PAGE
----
Beginners’ Guide to Telescopes

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Pros & Cons

Strengths and weaknesses of different telescope types





Image generally brighter with better contrast

Image will show some degree of false colour fringes (chromatic aberration) except in more expensive types (APOs).

Watch out for restricting ring baffles called ‘stops’ which reduce the effective aperture to disguise aberration in some cheap refractors


More robust — optics less sensitive to knocks

Typical starter refractors may have longer tubes more prone to vibration and shaking causing the image to jump and blur.


Lower maintenance — no periodic re-alignment or re-coating required

More expensive than reflectors for same size aperture


Can be more intuitive to use for a beginner

Closed tube may take longer to cool to outside ambient temperature


Eye-piece, with star diagonal, will mostly be in an easily-accessible position

Finder may be in a less accessible position


Smaller apertures can be inexpensive and easy to transport and set up

Larger apertures can be very expensive and weigh a lot





No false colour fringes (chromatic aberration)

May suffer ‘coma’ distortion at the edge of the field of view

(Newtonians and Dobsonians)

More aperture for your money

Some loss of contrast caused by obstruction from secondary mirror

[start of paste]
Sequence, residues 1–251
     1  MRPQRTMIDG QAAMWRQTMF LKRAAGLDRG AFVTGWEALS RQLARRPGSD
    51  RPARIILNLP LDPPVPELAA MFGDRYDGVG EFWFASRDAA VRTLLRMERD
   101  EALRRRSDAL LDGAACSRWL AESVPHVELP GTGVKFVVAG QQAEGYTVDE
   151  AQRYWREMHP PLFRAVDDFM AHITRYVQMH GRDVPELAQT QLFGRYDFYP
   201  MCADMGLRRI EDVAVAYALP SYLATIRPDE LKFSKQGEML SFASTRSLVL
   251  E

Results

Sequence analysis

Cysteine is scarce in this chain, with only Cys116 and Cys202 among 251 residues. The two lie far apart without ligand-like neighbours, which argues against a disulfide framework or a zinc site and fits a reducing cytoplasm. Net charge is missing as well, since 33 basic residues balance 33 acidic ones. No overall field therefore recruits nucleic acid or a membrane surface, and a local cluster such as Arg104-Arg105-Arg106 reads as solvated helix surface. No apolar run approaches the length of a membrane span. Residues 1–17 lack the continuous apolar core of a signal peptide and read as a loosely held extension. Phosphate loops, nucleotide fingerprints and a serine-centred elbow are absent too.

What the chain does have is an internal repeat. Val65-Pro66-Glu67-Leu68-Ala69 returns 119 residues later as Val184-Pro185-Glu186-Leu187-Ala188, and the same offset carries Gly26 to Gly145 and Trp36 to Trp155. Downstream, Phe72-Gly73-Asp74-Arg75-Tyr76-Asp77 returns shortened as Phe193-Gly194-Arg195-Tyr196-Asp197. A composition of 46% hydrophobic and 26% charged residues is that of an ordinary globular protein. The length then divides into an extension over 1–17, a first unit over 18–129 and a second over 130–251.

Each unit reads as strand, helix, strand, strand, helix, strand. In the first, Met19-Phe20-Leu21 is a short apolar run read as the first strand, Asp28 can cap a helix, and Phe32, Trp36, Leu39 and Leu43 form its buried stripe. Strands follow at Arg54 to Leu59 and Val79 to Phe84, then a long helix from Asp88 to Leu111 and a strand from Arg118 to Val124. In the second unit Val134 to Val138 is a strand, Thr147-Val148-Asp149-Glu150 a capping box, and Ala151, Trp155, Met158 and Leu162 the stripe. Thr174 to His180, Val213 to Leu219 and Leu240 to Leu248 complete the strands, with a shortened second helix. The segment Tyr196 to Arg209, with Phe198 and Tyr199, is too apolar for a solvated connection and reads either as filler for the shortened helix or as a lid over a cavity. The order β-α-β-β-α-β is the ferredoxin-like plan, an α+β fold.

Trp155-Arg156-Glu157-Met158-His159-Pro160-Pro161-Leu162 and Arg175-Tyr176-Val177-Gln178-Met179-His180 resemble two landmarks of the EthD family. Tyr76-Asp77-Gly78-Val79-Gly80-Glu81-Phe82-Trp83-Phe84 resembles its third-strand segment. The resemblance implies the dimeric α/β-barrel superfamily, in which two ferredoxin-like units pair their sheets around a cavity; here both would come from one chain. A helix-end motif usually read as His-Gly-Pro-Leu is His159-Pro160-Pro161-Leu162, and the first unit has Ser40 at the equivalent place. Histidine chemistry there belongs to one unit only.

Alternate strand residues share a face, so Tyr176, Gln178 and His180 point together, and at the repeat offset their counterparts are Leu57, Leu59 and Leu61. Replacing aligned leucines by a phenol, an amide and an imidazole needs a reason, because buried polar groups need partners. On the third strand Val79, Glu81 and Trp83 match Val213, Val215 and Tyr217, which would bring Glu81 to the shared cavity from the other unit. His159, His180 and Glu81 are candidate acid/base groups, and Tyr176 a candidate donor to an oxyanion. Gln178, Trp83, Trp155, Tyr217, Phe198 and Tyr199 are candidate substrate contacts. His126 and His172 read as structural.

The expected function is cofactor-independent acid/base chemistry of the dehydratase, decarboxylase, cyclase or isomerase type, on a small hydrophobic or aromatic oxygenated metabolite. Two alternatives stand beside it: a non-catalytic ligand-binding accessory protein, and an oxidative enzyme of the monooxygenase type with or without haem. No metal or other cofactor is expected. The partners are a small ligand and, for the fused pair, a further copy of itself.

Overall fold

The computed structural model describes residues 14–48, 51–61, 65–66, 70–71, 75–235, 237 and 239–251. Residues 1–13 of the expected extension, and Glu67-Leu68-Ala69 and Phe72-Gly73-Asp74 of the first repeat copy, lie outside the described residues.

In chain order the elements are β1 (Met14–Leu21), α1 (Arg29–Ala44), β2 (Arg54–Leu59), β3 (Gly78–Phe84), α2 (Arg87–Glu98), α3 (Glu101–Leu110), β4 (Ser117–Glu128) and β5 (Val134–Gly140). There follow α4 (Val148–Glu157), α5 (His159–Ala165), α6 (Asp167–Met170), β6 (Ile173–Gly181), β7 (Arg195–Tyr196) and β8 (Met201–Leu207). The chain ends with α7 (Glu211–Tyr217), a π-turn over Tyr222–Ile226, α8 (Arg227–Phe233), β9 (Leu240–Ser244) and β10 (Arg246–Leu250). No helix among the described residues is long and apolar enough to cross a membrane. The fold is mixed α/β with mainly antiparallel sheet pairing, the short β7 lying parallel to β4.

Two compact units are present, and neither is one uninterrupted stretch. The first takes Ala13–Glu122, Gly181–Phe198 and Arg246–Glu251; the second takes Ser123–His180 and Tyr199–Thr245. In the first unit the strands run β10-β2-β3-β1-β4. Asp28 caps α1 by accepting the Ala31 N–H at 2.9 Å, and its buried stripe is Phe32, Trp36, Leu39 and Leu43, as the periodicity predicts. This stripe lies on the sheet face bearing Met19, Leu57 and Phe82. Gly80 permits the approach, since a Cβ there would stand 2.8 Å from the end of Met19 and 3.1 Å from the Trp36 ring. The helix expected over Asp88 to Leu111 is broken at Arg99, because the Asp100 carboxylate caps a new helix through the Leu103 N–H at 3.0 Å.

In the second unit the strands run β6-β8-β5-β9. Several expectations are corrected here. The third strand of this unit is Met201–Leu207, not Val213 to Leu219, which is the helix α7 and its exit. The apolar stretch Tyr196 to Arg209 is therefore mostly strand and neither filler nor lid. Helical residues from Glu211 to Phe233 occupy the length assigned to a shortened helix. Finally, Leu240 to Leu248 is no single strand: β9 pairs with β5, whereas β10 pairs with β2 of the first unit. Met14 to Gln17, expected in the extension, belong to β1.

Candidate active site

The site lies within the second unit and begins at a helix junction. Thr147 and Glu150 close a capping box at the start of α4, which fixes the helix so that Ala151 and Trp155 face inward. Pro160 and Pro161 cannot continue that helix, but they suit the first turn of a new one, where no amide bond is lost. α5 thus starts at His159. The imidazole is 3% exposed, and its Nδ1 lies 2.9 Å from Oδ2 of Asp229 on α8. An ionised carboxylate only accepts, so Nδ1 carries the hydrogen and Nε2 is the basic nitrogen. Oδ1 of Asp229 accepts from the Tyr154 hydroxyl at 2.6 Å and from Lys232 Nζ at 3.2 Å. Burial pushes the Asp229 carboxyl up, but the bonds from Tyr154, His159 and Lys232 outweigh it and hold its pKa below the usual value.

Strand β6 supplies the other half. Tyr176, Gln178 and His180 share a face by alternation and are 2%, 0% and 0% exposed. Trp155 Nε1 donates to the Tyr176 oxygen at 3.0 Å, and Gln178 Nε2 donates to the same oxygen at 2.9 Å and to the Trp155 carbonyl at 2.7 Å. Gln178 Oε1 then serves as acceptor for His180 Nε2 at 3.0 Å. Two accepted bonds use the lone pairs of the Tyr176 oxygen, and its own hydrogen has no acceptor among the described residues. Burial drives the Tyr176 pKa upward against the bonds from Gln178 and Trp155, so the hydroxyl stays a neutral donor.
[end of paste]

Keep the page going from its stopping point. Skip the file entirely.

Eye-piece (at top of tube) may be more accessible

On an equatorial mount, the eye-piece, finder, and controls can get into a difficult position as you track across the sky during a session


Finder may be more accessible than on a refractor

Generally less robust — may be more prone to knocks



Newtonians with longer tubes may be prone to vibration and shaking



Larger sizes are very bulky



Larger apertures may take longer to cool down to outside ambient temperature



More maintenance needed over time — periodic collimation and eventually, re-coating of the primary mirror




Maksutovs and SCTs (Catadioptrics)

Wider field of view with generally good brightness and contrast

Less contrast than a refractor


Short tube for given aperture — less prone to vibration and very portable

More expensive per unit aperture


Can be quite intuitive to use for a beginner (short tube, eye-piece at bottom)



Negligible colour fringes or coma distortion